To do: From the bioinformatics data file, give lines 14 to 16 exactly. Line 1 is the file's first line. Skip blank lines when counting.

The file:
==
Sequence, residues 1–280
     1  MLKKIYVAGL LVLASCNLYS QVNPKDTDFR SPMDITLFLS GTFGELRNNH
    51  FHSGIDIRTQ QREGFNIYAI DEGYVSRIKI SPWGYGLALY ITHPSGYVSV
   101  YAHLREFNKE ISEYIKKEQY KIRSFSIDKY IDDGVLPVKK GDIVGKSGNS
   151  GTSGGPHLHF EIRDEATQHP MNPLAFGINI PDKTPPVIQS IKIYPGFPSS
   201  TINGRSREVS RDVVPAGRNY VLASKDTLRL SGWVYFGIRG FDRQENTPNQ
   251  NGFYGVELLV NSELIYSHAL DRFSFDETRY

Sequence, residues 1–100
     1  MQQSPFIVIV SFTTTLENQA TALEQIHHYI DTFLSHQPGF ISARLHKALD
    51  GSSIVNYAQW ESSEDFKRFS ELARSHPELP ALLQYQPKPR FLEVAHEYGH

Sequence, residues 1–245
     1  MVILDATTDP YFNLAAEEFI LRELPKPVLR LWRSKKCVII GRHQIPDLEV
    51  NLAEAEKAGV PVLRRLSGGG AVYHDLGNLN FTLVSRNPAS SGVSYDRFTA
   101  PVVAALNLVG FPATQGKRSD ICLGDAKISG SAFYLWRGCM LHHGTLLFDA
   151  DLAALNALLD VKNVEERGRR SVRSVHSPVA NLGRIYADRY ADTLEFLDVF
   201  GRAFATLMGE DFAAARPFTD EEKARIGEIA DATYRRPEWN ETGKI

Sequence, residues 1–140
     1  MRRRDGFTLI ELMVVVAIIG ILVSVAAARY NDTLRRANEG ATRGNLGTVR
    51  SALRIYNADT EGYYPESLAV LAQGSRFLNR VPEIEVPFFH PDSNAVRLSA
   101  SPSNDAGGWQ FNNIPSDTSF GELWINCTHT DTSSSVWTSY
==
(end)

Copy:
   101  PVVAALNLVG FPATQGKRSD ICLGDAKISG SAFYLWRGCM LHHGTLLFDA
   151  DLAALNALLD VKNVEERGRR SVRSVHSPVA NLGRIYADRY ADTLEFLDVF
   201  GRAFATLMGE DFAAARPFTD EEKARIGEIA DATYRRPEWN ETGKI